tag:blogger.com,1999:blog-9079308506459446172.post5895127547548822494..comments2019-08-16T11:35:27.034-06:00Comments on SmoogeSpace: Math Proofs : Need HelpStephen Smoogenhttp://www.blogger.com/profile/17026786034163911165noreply@blogger.comBlogger6125tag:blogger.com,1999:blog-9079308506459446172.post-22252466273829763682010-04-01T11:13:29.043-06:002010-04-01T11:13:29.043-06:00Thanks guys. I appreciate the help.Thanks guys. I appreciate the help.Smoogehttps://www.blogger.com/profile/17026786034163911165noreply@blogger.comtag:blogger.com,1999:blog-9079308506459446172.post-8370847061529526462010-03-31T18:40:12.565-06:002010-03-31T18:40:12.565-06:00The difference between two squares is always 2n+1....The difference between two squares is always 2n+1. Since we are just looking at how far from a multiplier by 3 we are we can just mod 3 the numbers. This gives a pattern of 0,2,1,0,2,1,0,2,1...<br /><br />A number 0 (an increase by a multiplier of 3) says the next number will have the same offset as the last. A number of 1 says the offset will increase by 1. And a value of 2 says the offset will decrease by one.<br /><br />So 0, -1, +1, 0, -1, +1.... will be stuck dithering back and forth between the two places.<br /><br />The mod 5 of the sequence (0, 2, 4, 1, 3, 0, 2...) is interesting because it happens to a mod 5 number (as 0+2+4+1+3=10) just before getting the next zero, thus spending two turns at zero and explaining why two of the five numbers in the sequence are divisible by five.Charliehttps://www.blogger.com/profile/18434903732348763485noreply@blogger.comtag:blogger.com,1999:blog-9079308506459446172.post-1661646202283708252010-03-31T18:14:19.392-06:002010-03-31T18:14:19.392-06:00Hi,
You have discovered modulo arithmetic :)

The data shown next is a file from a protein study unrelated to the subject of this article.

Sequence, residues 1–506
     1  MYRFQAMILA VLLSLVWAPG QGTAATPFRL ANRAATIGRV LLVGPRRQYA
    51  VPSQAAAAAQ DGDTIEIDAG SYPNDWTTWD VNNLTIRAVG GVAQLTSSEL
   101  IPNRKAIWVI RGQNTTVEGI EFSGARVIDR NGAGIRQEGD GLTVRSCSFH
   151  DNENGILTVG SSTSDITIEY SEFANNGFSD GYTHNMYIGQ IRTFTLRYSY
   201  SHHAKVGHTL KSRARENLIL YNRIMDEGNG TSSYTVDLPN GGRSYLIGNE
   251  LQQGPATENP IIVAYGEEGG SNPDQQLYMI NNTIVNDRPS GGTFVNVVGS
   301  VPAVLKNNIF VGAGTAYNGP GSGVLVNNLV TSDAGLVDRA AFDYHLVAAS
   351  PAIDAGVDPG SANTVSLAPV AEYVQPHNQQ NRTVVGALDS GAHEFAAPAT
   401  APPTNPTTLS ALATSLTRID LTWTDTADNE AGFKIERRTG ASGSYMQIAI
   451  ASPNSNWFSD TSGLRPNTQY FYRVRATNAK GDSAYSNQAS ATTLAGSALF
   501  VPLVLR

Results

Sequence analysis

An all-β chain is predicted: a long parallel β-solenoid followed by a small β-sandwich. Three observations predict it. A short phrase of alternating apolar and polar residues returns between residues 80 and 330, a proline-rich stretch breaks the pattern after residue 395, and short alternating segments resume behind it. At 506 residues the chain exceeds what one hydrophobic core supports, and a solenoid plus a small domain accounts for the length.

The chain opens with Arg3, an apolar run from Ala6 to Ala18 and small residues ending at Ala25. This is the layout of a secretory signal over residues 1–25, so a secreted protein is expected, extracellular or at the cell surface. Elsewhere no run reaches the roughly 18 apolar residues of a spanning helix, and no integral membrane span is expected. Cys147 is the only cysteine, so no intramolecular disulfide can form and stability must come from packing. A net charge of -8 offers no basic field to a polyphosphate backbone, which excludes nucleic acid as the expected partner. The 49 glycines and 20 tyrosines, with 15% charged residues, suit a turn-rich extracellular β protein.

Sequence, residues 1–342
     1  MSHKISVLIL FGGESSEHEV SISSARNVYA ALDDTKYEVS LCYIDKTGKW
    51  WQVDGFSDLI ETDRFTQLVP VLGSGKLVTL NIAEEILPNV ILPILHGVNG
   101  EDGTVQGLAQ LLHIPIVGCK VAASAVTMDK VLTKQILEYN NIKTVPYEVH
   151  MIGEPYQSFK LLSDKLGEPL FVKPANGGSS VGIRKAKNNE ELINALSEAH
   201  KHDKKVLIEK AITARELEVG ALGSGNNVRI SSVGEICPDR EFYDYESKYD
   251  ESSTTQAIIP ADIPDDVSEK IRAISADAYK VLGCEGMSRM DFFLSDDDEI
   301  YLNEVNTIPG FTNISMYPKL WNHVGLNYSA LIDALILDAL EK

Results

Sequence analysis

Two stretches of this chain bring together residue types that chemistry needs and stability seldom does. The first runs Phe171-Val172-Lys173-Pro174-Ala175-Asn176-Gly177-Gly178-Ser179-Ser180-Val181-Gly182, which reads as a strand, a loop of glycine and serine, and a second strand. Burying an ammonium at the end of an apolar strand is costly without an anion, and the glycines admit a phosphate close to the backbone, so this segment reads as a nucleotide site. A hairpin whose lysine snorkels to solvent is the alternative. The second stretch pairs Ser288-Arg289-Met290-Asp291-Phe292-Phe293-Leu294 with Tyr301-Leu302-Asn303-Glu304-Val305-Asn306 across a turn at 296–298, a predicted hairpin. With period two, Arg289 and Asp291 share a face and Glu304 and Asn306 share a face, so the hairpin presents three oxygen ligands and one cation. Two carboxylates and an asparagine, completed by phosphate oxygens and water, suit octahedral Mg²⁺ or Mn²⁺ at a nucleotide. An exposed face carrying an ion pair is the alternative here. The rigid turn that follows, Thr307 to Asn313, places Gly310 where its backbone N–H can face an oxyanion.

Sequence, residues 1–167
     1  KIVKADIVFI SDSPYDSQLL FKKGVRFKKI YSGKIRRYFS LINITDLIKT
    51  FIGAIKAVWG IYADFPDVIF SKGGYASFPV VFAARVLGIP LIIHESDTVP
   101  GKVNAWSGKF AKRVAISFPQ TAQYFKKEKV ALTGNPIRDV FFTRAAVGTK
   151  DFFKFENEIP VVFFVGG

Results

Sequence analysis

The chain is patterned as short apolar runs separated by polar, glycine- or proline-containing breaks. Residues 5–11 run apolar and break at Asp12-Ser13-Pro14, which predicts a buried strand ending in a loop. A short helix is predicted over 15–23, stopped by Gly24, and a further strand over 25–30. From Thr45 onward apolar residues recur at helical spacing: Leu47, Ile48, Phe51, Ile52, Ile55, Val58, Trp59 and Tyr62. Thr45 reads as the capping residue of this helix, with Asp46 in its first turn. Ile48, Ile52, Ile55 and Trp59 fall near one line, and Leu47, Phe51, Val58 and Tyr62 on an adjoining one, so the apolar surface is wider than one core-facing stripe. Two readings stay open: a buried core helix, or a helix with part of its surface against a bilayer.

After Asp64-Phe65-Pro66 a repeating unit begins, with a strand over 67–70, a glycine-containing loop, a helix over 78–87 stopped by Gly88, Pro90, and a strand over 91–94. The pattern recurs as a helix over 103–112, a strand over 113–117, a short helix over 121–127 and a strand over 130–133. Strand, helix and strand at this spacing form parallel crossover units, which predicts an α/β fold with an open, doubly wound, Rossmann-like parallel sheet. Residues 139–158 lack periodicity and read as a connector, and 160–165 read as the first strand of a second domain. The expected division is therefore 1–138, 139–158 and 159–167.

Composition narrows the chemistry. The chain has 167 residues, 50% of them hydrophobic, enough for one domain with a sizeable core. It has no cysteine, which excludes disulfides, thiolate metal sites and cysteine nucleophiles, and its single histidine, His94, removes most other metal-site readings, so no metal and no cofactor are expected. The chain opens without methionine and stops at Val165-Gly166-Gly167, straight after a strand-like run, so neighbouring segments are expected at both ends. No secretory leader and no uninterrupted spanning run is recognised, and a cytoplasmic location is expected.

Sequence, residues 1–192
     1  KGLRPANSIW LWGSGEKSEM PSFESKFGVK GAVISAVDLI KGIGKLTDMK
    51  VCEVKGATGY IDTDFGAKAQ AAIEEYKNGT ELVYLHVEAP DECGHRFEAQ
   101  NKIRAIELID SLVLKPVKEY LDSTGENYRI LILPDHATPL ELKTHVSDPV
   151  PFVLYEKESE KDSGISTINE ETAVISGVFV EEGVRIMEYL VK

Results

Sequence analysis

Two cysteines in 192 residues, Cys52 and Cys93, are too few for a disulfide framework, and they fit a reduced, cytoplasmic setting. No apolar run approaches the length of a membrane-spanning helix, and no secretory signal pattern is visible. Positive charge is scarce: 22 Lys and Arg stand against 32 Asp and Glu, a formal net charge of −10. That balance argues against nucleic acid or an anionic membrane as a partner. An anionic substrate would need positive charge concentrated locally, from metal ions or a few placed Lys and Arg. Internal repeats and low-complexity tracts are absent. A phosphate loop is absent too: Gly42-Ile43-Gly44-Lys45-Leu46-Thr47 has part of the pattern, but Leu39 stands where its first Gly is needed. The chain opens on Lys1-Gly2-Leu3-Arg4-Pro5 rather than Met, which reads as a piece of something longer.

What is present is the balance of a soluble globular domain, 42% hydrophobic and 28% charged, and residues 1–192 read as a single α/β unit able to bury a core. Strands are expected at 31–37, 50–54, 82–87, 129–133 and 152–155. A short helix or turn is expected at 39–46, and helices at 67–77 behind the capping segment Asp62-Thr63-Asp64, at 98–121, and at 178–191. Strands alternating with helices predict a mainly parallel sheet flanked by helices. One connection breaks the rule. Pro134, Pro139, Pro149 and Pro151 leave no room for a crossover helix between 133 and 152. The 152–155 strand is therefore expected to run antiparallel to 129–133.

Bas...Hi,<br /><br />You have discovered modulo arithmetic :)<br /><br />Basically you are saying n^2 +1 != 0 mod 3<br /><br />You can just try this for small values of n:<br />n = 0 value = 0*0+1 = 1<br />n = 1 value = 1*1+1 = 2<br />n = 2 value = 2*2+1 = 5 = 2 mod 3<br /><br />The secret is any polynomial will also repeat with n mod 3. This is because you can rewrite n' as (n + 3a) where a is an integer.<br /><br />Substitute this into your original equation:<br /> (n + 3a)^2 + 1 mod 3<br />becomes:<br /> n^2 + 2 * 3a + 3a * 3a + 1 mod 3<br />becomes:<br /> n^2 + 3*(2a + 3a) + 1 mod 3<br />But mod 3 the second term is 0. So:<br /> n^2 + 1 mod 3<br /><br />Hence the repeating 1 2 2 results for n mod 3<br /><br />Regards,<br /><br />DDD<br /><br />P.S The maths was way easier than logging into this comments system :)DDDhttps://www.blogger.com/profile/08396087485745915062noreply@blogger.comtag:blogger.com,1999:blog-9079308506459446172.post-16432642190751182392010-03-31T18:06:19.036-06:002010-03-31T18:06:19.036-06:00Its all about the modulus of 3 and the quadratic e...Its all about the modulus of 3 and the quadratic equation.<br /><br />Take n=a*3+b where a is any integer<br /> take b as 0, 1 or 2<br /><br />Now n^2=9*a^2+6*a*b+b^2=3*C+b^2<br /><br />b^2 is either 0, 1, 4<br />4=3+1<br /><br />when b=0 n^2=3c<br />when b=1 n^2=3c+1 <br />when b=2 n^2=3c+1<br /> <br />Now m=n^2+1=3*c+b^2+1<br />when b=0 n^2+1=3c+1<br />when b=1 n^2+1=3c+2<br />when b=2 n^2+1=3c+2Jef Spaletahttps://www.blogger.com/profile/11439754449677675460noreply@blogger.comtag:blogger.com,1999:blog-9079308506459446172.post-51552460746828396292010-03-31T17:56:51.416-06:002010-03-31T17:56:51.416-06:00The fact that (n^2+1) is never divisible by 3 can ...The fact that (n^2+1) is never divisible by 3 can be proven like this:<br /><br />Two small reminders:<br />* "X is divisible by 3" <=> X % 3 == 0 (using the C notation)<br />* (A * B) % 3 == (((A % 3) * (B % 3)) % 3)<br /><br />Therefore, (n^2)%3 == ((n%3)^2)%3, and we have three cases to consider:<br />* n%3 == 0, then (n^2)%3 == 0<br />* n%3 == 1, then (n^2)%3 == 1<br />* n%3 == 2, then (n^2)%3 == 4%3 == 1<br /><br />We see that (n^2)%3 != 2, therefore (n^2+1)%3 != 0, hence (n^2+1) is never divisible by 3.<br /><br />As for "diff between m", start with differences between n^2:<br />* (n+1)^2 == n^2 + (2n+1)<br /><br />Your "diff between m" is thus (2n+1)/3, except for rounding. Similarly to the above, you can determine the structure of (2n+1)%3. Looking at this will reveal the reason why two out of three values are repeated, details left as an exercise :)Miloslavhttps://www.blogger.com/profile/12507179914843206625noreply@blogger.comtag:blogger.com,1999:blog-9079308506459446172.post-49881672119822837922010-03-31T17:36:57.348-06:002010-03-31T17:36:57.348-06:00n^2 + 1 = 3m would mean that 2 is a quadratic resi...n^2 + 1 = 3m would mean that 2 is a quadratic residue mod 3. But there are only (p - 1)/2 quadratic residues for an odd prime modulus. For 3, the sole quadratic residue is 1...<br /><br />To see why, look at the field Z/pZ. The squares 1^2, 2^2,..., (p-1)/2 ^2 enumerate all the quadratic residues mod p. They are all different, since x^2 = y^2 implies (x + y)(x - y) = 0, ie x must be y or -y.Matthiashttps://www.blogger.com/profile/08624433288530789872noreply@blogger.com